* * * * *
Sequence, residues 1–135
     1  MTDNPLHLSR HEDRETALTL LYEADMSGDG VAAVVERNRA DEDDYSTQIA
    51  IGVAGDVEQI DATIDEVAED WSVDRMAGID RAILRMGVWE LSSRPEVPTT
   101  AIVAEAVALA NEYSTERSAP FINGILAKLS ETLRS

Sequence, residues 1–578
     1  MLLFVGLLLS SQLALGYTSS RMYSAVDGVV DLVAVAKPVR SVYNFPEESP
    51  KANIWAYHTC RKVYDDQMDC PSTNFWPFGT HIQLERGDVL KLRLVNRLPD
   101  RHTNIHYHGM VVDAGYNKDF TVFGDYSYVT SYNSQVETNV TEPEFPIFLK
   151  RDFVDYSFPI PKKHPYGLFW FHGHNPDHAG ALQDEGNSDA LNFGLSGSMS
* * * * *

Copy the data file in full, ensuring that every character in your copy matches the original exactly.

Sequence, residues 1–135
     1  MTDNPLHLSR HEDRETALTL LYEADMSGDG VAAVVERNRA DEDDYSTQIA
    51  IGVAGDVEQI DATIDEVAED WSVDRMAGID RAILRMGVWE LSSRPEVPTT
   101  AIVAEAVALA NEYSTERSAP FINGILAKLS ETLRS

Sequence, residues 1–578
     1  MLLFVGLLLS SQLALGYTSS RMYSAVDGVV DLVAVAKPVR SVYNFPEESP
    51  KANIWAYHTC RKVYDDQMDC PSTNFWPFGT HIQLERGDVL KLRLVNRLPD
   101  RHTNIHYHGM VVDAGYNKDF TVFGDYSYVT SYNSQVETNV TEPEFPIFLK
   151  RDFVDYSFPI PKKHPYGLFW FHGHNPDHAG ALQDEGNSDA LNFGLSGSMS